The wording of this text is important, in part because it names a range of things that need to be done (measures like research, coordination, cooperation), a range of types of human mobility (displacement, migration, planned relocation), and different levels(national, regional, international). This was more than a mere mention of the issue, it is a framework for taking action. Inclusion of a sub-paragraph on migration and displacement gave options for undertaking activities to address human mobility.
Another significant milestone in climate policy happened with the 2015 conclusion of the Paris Agreement, which established a Task Force on Displacement:
49. Also requests the Executive Committee of the Warsaw International Mechanism to establish, … a task force to complement, draw upon the work of and involve… existing bodies and expert groups under the Convention including the Adaptation Committee and the Least Developed Countries Expert Group, as well as relevant organizations and expert bodies outside the Convention, to develop recommendations for integrated approaches to avert, minimize and address displacement related to the adverse impacts of climate change:
The Task Force is embedded in the work outlined in Article 8 of the Paris Agreement, which focuses on “averting, minimizing and addressing loss and damage associated with the adverse effects of climate change, including extreme weather events and slow onset events, and the role of sustainable development in reducing the risk of loss and damage”.
The language in paragraph 49 above shows how current climate policy work on human mobility engages relevant experts and communities of practice. This makes a difference because the mainstream perspectives and knowledge about migration and refugees combine with unique perspectives from the climate policy arena. Appointed members of the Task Force on Displacement draw from organizations that are also actively engaged in the discussions on the Global Compacts on Migration and Refugees. The inclusive approach of the Task Force on Displacement promotes a cross fertilization of ideas with the Global Compacts at a decisive time when both processes move into the critical implementation phase.
The diagrams below introduce the institution that houses the Task Force—the Warsaw International Mechanism on Loss and Damage—and its functions, strategic workstreams, and the technical arms of the Executive Committee including the Task Force on Displacement. Human mobility features both as a theme in the workplan, as well as a technical arm of the Executive Committee of the Warsaw International Mechanism.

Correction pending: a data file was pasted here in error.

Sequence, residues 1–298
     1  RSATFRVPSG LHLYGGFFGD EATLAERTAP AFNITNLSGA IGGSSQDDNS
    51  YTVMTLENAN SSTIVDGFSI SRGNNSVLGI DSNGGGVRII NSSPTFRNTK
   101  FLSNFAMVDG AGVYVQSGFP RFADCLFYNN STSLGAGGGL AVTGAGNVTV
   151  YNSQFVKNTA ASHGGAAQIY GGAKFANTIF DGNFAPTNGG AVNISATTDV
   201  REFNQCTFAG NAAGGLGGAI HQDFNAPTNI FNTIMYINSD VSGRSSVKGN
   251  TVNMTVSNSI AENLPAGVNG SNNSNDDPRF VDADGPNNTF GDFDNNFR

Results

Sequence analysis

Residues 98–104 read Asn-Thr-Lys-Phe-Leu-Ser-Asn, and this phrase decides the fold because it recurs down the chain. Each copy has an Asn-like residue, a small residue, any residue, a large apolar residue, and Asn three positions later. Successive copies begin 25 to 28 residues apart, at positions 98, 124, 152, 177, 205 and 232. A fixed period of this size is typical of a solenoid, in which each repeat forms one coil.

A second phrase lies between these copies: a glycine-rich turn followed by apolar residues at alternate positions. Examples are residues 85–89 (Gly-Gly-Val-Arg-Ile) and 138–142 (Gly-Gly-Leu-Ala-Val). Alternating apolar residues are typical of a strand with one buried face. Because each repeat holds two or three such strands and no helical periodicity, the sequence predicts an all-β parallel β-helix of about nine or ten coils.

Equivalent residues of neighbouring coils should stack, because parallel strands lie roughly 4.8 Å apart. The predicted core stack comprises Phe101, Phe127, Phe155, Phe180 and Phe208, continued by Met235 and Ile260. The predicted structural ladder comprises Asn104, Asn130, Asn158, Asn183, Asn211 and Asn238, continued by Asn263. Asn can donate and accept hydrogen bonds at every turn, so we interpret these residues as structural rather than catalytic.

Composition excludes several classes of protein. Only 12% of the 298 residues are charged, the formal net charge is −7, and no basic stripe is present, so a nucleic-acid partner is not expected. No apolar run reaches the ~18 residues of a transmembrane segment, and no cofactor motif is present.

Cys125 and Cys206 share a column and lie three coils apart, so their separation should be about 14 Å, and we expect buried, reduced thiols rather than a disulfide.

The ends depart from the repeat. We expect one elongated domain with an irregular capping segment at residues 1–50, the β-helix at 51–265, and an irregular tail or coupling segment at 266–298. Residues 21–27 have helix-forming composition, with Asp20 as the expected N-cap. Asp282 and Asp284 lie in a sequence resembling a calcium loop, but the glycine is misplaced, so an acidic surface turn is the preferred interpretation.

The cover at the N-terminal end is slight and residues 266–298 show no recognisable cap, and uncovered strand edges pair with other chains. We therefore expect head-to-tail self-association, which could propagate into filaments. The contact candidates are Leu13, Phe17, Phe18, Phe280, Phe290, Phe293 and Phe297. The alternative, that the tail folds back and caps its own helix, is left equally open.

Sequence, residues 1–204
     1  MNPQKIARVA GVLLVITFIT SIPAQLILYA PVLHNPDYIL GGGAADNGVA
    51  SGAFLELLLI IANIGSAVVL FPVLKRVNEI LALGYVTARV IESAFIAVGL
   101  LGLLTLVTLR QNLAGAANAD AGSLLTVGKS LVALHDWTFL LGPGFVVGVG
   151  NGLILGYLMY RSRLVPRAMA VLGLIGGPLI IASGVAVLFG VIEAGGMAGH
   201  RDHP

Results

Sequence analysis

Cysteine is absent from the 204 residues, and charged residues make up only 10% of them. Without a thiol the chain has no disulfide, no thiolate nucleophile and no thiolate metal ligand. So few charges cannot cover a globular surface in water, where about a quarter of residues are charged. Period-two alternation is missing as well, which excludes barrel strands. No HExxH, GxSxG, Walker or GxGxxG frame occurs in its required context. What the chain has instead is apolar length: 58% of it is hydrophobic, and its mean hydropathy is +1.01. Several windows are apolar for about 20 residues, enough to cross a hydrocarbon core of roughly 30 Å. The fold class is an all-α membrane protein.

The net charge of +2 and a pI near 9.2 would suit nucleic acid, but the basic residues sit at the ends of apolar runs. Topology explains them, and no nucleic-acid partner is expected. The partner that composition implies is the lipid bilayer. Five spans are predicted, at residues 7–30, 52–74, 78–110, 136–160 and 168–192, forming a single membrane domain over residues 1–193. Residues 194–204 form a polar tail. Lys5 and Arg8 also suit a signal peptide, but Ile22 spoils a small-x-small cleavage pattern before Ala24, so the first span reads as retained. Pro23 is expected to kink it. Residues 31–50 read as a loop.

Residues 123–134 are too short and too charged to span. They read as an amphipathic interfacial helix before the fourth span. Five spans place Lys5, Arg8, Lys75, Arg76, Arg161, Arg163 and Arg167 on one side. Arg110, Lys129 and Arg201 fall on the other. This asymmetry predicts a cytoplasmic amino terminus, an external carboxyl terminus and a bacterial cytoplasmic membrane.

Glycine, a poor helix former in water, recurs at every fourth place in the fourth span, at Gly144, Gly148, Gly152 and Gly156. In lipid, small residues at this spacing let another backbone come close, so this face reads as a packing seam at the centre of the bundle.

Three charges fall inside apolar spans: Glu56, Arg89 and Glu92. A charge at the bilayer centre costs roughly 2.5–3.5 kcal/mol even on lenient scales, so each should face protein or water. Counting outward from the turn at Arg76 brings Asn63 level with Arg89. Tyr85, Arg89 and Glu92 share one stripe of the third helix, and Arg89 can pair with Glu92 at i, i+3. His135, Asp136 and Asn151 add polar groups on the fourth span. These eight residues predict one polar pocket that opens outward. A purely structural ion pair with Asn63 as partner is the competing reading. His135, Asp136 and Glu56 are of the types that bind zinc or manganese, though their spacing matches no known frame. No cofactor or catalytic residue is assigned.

The Task Force will develop its recommendations in the course of 2018. The task force’s work spans evidence and experience with human mobility, gathering questions and challenges facing countries and institutions, and considering approaches that avert, minimize and address displacement related to the adverse effects of climate change.
Building societal resilience to these climate stressors is a central aim of climate policy under the UNFCCC process. The Paris Agreement set the parameters for a climate neutral world by mid-century, which provide the international community the scope of climate impacts that could affect large scale movements of people.
Ongoing work under the UNFCCC process, such as the Warsaw International Mechanism, aims to bolster the capacity of countries to make risk-informed decisions about preemptive activities, planning, and contingency arrangements that affect where and how people live. At present, the Task Force on Displacement is developing recommendations that will be considered at COP24 in Poland at the end of 2018.
The next steps include the global community devising ways to take up the recommendations in ways that avert, minimize, plan for, and put contingency arrangements into place for human mobility in a climate-resilient, sustainable future.
The transition to a safe and dignified future means a whole different conversation and willingness to create new common ground, and that means new kinds of stories about climate and mobility; in a climate-changed world, how will we live, and where?